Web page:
Regular readers of this blog will be aware that apart from my interest in military history, I also have a passion for movies and although my love of film covers many genres, not just those concerned with  war and conflict, it is a war film that piqued my interest recently when I re-watched it for the first  time in many years. At about this time each year, I am a volunteer at the local Charlton & Woolwich Free Film Festival, at some events purely as helper to prepare and take down our equipment, sometimes to shake a collection bucket and usually once or twice per festival, as an Event Manager, where I am lucky enough to choose a film and to either introduce it, or (usually) to arrange a guest speaker or other events to dovetail around the screening.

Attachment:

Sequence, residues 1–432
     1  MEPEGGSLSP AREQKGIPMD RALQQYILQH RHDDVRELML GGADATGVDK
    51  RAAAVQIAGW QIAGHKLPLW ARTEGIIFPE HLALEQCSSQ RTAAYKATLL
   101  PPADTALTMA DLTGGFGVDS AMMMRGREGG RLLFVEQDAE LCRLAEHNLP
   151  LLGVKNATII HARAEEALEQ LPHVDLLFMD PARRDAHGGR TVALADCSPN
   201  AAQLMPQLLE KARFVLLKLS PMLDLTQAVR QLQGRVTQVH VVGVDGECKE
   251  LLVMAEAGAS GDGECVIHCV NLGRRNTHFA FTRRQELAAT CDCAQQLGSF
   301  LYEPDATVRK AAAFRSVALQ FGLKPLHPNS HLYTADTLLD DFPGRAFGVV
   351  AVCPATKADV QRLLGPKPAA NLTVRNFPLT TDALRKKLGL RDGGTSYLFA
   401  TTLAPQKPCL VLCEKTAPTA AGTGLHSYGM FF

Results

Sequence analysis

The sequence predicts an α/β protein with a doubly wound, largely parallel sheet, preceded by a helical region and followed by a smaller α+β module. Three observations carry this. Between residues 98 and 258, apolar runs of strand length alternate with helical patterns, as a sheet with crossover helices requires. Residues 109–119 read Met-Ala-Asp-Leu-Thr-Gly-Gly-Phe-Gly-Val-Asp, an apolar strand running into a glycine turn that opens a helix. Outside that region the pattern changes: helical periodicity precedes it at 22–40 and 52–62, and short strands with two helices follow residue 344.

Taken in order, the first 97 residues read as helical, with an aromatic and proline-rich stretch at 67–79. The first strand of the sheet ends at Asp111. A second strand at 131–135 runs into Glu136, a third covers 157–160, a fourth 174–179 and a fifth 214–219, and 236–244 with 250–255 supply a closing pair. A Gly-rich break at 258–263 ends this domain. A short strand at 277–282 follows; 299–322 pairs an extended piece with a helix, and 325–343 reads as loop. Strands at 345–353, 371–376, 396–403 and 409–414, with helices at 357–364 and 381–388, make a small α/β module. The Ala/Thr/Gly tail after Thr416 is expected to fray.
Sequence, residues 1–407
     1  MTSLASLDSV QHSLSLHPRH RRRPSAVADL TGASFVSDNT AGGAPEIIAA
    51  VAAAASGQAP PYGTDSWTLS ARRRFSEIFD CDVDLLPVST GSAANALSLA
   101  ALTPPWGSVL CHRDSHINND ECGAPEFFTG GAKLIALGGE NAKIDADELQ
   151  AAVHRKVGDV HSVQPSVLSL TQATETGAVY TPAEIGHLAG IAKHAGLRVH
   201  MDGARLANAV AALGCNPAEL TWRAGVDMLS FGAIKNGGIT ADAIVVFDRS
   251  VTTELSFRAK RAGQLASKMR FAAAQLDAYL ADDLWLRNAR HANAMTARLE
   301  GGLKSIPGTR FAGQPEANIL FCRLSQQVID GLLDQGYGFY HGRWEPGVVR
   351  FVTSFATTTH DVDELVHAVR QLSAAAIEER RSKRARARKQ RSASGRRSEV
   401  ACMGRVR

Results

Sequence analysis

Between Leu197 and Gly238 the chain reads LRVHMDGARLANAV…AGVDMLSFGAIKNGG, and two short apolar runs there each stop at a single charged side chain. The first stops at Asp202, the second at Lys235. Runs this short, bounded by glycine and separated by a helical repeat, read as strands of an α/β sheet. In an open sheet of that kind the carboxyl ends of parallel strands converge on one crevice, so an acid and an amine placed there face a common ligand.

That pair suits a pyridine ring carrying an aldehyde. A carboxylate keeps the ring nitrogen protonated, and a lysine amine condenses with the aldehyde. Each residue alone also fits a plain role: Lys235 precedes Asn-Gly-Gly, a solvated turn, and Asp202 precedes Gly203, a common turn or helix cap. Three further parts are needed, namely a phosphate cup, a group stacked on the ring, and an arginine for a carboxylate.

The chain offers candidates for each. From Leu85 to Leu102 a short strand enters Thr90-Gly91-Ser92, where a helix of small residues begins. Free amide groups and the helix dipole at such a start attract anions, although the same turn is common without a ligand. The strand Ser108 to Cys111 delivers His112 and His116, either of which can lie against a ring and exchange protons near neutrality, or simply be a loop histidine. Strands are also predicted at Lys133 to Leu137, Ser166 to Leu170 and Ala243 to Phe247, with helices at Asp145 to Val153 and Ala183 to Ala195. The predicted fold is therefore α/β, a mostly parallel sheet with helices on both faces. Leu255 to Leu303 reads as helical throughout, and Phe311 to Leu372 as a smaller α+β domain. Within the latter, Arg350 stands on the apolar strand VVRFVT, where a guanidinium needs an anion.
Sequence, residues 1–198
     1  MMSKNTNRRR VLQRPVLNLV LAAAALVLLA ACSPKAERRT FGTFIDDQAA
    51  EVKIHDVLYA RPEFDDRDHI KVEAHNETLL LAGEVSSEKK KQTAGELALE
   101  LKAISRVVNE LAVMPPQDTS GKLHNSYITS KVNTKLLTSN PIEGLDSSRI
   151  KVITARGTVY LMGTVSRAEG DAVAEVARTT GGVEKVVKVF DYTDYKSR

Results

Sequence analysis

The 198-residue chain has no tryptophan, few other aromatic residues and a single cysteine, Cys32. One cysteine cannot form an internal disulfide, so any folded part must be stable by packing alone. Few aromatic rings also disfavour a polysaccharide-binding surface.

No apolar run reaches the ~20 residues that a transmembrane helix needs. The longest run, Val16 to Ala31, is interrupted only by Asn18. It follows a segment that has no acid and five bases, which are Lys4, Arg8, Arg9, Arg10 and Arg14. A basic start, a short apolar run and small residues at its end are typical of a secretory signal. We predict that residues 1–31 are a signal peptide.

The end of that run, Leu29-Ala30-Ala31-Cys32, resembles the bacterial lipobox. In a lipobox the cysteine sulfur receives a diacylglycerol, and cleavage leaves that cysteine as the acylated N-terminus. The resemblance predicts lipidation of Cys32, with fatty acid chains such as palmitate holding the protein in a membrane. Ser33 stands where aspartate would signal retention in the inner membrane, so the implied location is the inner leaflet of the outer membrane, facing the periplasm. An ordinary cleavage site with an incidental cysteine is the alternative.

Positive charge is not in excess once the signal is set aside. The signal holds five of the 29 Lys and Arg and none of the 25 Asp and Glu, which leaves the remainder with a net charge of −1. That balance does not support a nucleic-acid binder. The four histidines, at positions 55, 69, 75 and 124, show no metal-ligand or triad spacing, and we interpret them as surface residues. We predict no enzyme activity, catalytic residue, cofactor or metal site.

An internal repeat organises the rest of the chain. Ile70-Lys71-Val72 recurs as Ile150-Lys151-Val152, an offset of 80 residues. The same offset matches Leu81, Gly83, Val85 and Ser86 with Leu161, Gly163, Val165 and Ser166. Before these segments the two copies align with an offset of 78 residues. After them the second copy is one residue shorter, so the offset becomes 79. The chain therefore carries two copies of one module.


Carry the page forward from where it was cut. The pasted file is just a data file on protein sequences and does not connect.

This year, the festival made a welcome return to the wonderfully evocative venue that is the Garrison Church of St George at Woolwich. Ongoing restoration work at the church had meant that we couldn't stage an event there last year but this year, the Trust which is responsible for the maintenance of the church chose a film with a military theme for the screening, the 1957 classic "The Bridge on the River Kwai", directed by David Lean which amassed no fewer than seven Academy Awards. I had been on holiday when the film was selected and was therefore delighted to be asked to introduce the screening and provide a few insights and personal thoughts on the film, even though this wasn't "my" event.